But yes, I’ve been quite mean to many vegetarians for many years, as if I needed reminding. And so yes, this really is quite a turnaround. And I’m proud to be capable of that.
I sent a letter to Google, today. Click to see it in large-o-vision.
I my letter, I suggest that the search giant should add a feature to their UK search, as they already have to their USA search, that would provide the details of an appropriate emotional support helpline service to people searching for suicide-related topics (such as “how to commit suicide”, etc.). This would provide minimal disruption to users merely interested in the topic, but could potentially provide a critical lifeline to somebody in dire need.
I believe that it is ethically wrong to lie to children about the existence of Santa Claus. And, as it’s a topical time of year – and because I know that this view brings me into conflict with the views of many others (I’ve certainly had more than a couple of arguments about this before) – I thought that I’d explain my thinking.
Bias of background
I probably ought to come clean, first, about my own background. There’s a certain bias that people can have towards their own upbringing: the implicit assumption that the way one was brought up is somehow the best or the most-correct way. I’d like to think that I’m speaking from a position of rationality as well as morality, but I can’t deny that my judgment may be clouded by my own childhood.
I never believed that Santa was real, and was never encouraged to. My family played out a whole variety of modern, secular Christmas traditions, such as leaving out a mince pie for Santa, hanging stockings, and decorating a tree. But these were always understood to be what they actually were. There was never an illusion that the mince pie wasn’t being eaten by my dad just minutes after he’d checked that I’d finally managed to curb my excitement get to sleep (even without a belief in the patently mythological, Christmas can still be an exciting time for a child).
What’s the harm?
When I was growing up, I came into contact with many children for whom the Father Christmas myth was very real. I gather that they’re still remarkably common… and who can blame parents: perpetuating the Santa lie can provide a very easy and pervasive way to control the behaviour of their children!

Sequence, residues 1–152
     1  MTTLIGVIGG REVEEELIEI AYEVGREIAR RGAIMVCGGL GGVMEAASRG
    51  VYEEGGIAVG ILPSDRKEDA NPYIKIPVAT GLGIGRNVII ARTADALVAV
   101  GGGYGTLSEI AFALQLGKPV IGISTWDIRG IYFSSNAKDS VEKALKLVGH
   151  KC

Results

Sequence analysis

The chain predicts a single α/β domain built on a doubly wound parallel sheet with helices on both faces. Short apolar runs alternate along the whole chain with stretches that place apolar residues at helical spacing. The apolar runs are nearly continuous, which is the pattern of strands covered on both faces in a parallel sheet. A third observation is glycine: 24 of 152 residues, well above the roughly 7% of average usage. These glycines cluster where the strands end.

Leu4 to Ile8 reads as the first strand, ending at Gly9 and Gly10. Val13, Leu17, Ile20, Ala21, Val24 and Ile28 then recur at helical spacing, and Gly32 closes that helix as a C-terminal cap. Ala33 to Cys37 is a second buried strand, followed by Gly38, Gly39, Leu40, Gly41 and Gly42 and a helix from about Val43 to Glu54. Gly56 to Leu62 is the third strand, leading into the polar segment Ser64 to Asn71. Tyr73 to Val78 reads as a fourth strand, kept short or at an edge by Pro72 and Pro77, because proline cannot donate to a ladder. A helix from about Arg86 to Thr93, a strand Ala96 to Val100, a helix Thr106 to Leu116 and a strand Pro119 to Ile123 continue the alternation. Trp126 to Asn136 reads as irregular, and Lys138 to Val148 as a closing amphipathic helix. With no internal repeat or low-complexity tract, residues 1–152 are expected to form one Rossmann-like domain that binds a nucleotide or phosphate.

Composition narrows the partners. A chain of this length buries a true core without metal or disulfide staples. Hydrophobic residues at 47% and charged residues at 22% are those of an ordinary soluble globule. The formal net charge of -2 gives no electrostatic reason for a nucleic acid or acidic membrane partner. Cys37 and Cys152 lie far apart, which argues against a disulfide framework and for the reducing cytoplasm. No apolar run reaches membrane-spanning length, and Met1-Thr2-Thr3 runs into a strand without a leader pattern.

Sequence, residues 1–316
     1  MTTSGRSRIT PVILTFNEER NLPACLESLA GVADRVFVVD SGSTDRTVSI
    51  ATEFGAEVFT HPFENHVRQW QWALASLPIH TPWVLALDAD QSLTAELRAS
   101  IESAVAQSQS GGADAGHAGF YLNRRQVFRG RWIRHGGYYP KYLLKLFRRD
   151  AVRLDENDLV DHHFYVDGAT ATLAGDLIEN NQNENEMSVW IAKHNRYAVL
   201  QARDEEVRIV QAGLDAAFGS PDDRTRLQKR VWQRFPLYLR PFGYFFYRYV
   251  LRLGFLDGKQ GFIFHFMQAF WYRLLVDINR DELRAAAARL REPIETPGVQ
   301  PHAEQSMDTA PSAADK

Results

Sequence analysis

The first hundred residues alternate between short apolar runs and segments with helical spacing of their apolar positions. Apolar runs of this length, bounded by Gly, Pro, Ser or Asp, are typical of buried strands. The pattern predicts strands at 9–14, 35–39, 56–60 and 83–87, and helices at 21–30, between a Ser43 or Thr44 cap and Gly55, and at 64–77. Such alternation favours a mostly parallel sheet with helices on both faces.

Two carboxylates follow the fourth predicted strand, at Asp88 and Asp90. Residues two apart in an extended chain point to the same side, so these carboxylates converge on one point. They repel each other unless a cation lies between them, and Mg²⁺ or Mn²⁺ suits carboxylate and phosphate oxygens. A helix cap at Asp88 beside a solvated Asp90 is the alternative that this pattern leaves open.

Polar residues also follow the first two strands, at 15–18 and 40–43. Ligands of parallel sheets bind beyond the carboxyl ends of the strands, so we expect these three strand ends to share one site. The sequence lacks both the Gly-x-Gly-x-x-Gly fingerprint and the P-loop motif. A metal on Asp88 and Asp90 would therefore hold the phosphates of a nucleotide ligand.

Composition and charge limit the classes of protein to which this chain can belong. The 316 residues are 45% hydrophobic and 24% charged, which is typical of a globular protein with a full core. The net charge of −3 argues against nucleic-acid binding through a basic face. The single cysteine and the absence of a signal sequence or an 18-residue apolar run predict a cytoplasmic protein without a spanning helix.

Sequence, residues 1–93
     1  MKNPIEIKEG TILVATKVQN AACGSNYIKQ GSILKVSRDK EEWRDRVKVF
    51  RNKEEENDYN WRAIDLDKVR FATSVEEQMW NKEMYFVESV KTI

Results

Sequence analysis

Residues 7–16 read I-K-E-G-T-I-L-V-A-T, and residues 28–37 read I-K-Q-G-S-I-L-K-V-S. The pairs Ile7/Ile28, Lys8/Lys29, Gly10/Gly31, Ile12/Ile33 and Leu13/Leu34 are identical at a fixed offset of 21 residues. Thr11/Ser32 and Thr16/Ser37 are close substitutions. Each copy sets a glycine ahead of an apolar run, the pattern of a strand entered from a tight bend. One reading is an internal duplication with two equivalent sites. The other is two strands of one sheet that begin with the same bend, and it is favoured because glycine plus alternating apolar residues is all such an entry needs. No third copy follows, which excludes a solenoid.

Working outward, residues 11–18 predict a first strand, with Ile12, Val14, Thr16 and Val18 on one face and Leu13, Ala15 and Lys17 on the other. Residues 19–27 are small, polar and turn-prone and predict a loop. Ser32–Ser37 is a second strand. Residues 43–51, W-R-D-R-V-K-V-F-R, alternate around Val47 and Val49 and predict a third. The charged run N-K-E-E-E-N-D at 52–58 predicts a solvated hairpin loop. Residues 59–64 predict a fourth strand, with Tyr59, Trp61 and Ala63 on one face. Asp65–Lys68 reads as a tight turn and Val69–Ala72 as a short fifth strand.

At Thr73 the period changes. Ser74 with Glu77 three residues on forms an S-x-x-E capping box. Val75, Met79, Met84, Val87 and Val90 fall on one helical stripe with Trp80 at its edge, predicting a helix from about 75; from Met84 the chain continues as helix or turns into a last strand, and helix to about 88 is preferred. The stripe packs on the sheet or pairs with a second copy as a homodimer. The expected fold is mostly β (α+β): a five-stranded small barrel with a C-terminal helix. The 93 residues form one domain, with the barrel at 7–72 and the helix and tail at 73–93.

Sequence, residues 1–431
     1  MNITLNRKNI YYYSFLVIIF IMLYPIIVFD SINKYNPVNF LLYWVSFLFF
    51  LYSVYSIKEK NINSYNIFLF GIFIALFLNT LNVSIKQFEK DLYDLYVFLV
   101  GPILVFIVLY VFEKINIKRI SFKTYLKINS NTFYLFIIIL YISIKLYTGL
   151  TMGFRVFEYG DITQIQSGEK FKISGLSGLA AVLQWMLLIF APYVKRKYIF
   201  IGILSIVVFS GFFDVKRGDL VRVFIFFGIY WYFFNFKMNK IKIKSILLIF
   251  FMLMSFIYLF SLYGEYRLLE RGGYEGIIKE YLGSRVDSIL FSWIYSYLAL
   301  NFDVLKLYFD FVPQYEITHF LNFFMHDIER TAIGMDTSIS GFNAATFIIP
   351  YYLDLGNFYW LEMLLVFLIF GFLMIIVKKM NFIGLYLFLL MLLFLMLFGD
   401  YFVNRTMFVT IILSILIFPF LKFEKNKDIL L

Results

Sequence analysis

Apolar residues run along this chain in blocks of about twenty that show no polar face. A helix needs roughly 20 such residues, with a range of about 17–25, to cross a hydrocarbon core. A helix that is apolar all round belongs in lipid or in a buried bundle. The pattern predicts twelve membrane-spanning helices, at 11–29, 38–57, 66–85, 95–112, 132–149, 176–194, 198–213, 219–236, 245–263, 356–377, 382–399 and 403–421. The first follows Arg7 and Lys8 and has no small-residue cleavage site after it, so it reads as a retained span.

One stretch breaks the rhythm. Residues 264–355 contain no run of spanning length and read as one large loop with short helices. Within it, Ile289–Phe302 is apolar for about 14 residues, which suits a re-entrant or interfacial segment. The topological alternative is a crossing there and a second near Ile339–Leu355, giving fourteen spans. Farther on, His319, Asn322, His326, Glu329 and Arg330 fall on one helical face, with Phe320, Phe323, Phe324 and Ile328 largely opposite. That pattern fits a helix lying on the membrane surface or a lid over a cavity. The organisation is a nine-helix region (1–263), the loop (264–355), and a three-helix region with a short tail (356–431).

For the vast majority of these children, the revelation of the lie was a harmless experience: over time, they developed doubts, from the childish (“We don’t have a chimney? How can Santa slide down radiators?”), to the logical (“Reindeer can’t fly! And how big is a sleigh that can carry presents for every good child on Earth?”), to the profound (“Why does Santa give the children of rich parents more expensive gifts than the children of poor parents?”). They’d hear stories from other children about the falsehood of the Christmas stories when they spoke to other children or, often, older siblings. Many would eventually challenge their parents on these lies, and most of these parents would then come clean, correctly judging that the lie had run it’s course. So what’s the harm?
There are some children who didn’t come off so well. I’ve seen children bullied at school and in social settings as a result of clinging to their belief in Santa. One kid I knew – bolstered by his mother’s ongoing lies (she would later claim that she thought he knew, but was just “playing along”) – genuinely believed in Santa until he was 14 years old, defying all argument to the contrary, and suffered so much that he ceased to gain any enjoyment at all from the festival for years to come.
I’ve spoken to parents who have attempted to justify their decision to lie to their children by dismissing it as only “a white lie”, something which does more good than harm, and I can see their argument. But for some children, as we’ve seen, this lie can spiral out of control, and even if this were to happen with only one in a thousand children, I wouldn’t personally want to take the risk that it was a child of mine.
That Magical Christmas Feeling™